When Karas and his colleagues examined hundreds of women’s medical charts, they found that the more risk factors a woman had for heart disease, the less likely she was to have a cholesterol value written in her chart. Another study of women with diabetes who had been hospitalized with coronary artery disease found most didn’t meet national standards for LDL levels, less than 19 percent had protective levels of HDL, and only 46 percent were taking LDL-lowering drugs. Moreover, of that 46 percent on the medication, fewer than half reached optimal LDL levels, suggesting they needed to be on higher doses or different drugs.


So you need to be proactive when it comes to your cholesterol levels. Make sure you get tested at least once a year and ask for the breakdown of your levels. If the levels seem high, talk to your doctor about your options.




Don’t Rely on Drugs Alone


Those options shouldn’t stop – or even necessarily start – with drugs, however. “Various studies show drops of 25 percent or more in total cholesterol from making many simple changes in your diet,” says Katz. The formula isn’t difficult:


Cut waaayyy back on saturated fat. That’s the kind of fat found in animal protein, like full-fat dairy and meat. Instead, choose nonfat dairy products and load up on fish, beans, poultry and lean cuts of meat (try venison and buffalo for a change). Ideally, no more than 7 percent of your overall calories should come from saturated fat.


• Go waaaayyy up on the amount of fiber you get in your diet. Not only does fiber fill your stomach without adding calories (because it’s not digested), but soluble fiber found in foods such as fruits, oats, barley and peas forms a kind of gel in your intestines that reduces your body’s overall absorption of fat. And that, in turn, helps lower cholesterol levels. Aim to get at least 25 grams of fiber a day.


• Use a cholesterol-lowering spread. Just a couple of teaspoons a day of a sterol-based spread like Benecol or Take Control can reduce total and LDL cholesterol levels 9 to 20 percent. Combined with soluble fiber, the two can rival the cholesterol-lowering power of statins, Katz says.


Increasing your HDL is a bit more difficult, but it can be done. Start with a glass of wine. Numerous studies find moderate alcohol intake makes a big difference in HDL levels. For instance, one study found half a bottle of white wine drunk every day for six weeks increased HDL levels 7 mg/dl – a significant jump. That’s about two glasses of wine a day. Of course, if you’re a teetotaler, don’t start drinking just to boost your HDL!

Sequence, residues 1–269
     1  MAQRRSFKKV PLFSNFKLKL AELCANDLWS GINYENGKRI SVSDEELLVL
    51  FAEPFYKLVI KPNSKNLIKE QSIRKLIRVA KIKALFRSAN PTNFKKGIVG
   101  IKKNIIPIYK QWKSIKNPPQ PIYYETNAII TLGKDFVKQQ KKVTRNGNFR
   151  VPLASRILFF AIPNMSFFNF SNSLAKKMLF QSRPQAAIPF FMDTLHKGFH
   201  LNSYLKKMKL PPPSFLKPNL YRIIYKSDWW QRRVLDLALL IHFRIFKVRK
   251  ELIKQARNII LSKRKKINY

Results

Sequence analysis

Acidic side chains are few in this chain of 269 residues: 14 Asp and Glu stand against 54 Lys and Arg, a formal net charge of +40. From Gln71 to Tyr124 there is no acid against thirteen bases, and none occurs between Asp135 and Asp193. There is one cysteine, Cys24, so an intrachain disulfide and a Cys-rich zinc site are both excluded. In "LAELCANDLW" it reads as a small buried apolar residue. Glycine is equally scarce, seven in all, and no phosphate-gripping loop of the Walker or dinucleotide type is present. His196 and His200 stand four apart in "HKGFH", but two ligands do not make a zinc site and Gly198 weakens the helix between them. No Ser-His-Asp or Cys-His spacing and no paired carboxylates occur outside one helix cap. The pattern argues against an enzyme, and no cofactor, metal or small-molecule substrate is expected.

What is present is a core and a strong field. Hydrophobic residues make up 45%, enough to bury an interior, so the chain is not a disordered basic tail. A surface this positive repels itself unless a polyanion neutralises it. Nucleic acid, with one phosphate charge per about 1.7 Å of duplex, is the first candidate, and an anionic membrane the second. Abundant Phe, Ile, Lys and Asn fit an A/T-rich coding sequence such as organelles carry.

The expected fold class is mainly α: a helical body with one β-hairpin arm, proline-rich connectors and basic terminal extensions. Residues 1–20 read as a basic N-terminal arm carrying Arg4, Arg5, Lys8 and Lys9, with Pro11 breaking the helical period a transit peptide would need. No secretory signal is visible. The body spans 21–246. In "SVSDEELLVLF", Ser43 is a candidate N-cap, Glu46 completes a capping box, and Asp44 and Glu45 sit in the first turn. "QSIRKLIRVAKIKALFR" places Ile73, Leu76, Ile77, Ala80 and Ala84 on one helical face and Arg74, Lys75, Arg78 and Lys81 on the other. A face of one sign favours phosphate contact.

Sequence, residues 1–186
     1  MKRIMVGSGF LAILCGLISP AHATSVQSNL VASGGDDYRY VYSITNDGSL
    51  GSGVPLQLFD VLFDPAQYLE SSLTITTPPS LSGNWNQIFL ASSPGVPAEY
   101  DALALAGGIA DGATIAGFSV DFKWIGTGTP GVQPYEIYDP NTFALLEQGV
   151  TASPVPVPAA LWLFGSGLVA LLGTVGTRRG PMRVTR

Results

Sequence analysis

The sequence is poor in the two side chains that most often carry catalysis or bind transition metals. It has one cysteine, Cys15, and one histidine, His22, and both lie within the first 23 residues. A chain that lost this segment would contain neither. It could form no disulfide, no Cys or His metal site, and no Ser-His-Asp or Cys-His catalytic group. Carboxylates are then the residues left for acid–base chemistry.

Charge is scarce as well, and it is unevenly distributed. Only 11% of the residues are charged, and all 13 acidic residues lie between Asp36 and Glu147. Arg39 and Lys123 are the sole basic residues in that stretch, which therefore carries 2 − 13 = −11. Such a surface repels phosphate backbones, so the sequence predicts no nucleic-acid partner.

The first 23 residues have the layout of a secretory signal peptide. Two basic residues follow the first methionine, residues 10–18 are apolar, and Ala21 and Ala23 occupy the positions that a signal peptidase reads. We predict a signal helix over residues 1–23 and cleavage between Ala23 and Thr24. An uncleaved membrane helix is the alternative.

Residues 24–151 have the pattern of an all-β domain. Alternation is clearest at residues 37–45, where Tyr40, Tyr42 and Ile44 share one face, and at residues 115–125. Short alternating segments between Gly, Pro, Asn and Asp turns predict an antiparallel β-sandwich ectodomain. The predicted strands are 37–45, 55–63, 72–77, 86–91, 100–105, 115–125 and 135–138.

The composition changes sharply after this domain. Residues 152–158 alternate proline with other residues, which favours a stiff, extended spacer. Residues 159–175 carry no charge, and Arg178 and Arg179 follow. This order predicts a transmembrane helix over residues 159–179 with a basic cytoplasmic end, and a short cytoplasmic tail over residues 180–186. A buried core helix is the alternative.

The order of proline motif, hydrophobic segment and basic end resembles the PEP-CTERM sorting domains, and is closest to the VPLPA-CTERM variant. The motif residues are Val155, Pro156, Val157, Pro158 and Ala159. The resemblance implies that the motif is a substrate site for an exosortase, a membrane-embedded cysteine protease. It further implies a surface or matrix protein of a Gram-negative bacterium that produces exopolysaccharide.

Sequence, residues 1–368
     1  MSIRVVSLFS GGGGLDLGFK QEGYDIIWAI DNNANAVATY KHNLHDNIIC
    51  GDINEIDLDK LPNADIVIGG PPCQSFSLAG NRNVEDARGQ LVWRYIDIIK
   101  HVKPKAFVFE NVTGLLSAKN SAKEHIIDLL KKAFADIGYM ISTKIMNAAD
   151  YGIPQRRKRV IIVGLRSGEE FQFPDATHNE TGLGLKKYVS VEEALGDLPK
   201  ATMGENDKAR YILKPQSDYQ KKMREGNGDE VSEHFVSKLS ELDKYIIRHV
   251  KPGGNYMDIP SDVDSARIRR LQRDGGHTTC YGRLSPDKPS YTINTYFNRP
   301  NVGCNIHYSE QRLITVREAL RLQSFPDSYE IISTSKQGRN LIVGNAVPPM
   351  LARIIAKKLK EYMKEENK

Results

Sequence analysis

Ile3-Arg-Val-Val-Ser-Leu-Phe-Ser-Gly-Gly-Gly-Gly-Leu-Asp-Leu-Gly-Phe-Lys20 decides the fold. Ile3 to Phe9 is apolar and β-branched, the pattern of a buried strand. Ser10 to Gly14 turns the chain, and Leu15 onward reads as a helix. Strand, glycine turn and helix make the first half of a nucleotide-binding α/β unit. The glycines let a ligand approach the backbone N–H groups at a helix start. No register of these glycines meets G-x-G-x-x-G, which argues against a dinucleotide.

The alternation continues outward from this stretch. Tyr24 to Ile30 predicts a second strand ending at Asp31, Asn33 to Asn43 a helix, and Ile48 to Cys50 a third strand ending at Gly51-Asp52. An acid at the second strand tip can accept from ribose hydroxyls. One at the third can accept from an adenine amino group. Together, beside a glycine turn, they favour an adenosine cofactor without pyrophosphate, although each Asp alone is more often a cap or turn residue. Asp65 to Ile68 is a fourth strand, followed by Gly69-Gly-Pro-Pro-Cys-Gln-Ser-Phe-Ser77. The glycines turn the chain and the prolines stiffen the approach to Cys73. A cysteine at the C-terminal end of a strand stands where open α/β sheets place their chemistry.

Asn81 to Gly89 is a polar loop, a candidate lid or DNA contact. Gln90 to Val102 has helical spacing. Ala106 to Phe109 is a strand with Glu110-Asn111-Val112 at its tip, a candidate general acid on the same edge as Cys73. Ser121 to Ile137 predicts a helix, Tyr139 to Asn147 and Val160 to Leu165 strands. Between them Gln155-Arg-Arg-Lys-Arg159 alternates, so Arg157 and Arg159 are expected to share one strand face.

Other changes you can make to increase your HDL:




• Switch over to olive oil. This monounsaturated fat, and others like it, not only increases HDL but lowers LDL.


• Walk 30 minutes a day, five days a week. Over time, such moderate, sustained exercise can increase HDL levels.


• Lose weight. You’ll see a jump in your HDL.


Bottom line, says Katz, is that “by the end of the day, half the deaths from heart disease in this country are accounted for by behaviors that can be modified.”


RESOURCES


American Heart Association


Food and Drug Administration – A helpful article on “Keeping Cholesterol Under Control.”


Medline Plus – This online service of the U.S. National Library of Medicine and the National Institutes of Health provides several good articles on cholesterol.


National Heart, Lung and Blood Institute – Provides information on the National Cholesterol Education Program.



More Resources:



Cholesterol By the Numbers
If you know your cholesterol levels,
check this chart to get a better understanding what the numbers mean.


The Medication Maze
Tired of paying upward of $100 or more a month for your statin drugs? Get the latest info on generic statins.



Debra Gordon, an award-winning health writer and editor, is a frequent contributor to Get Up & Go.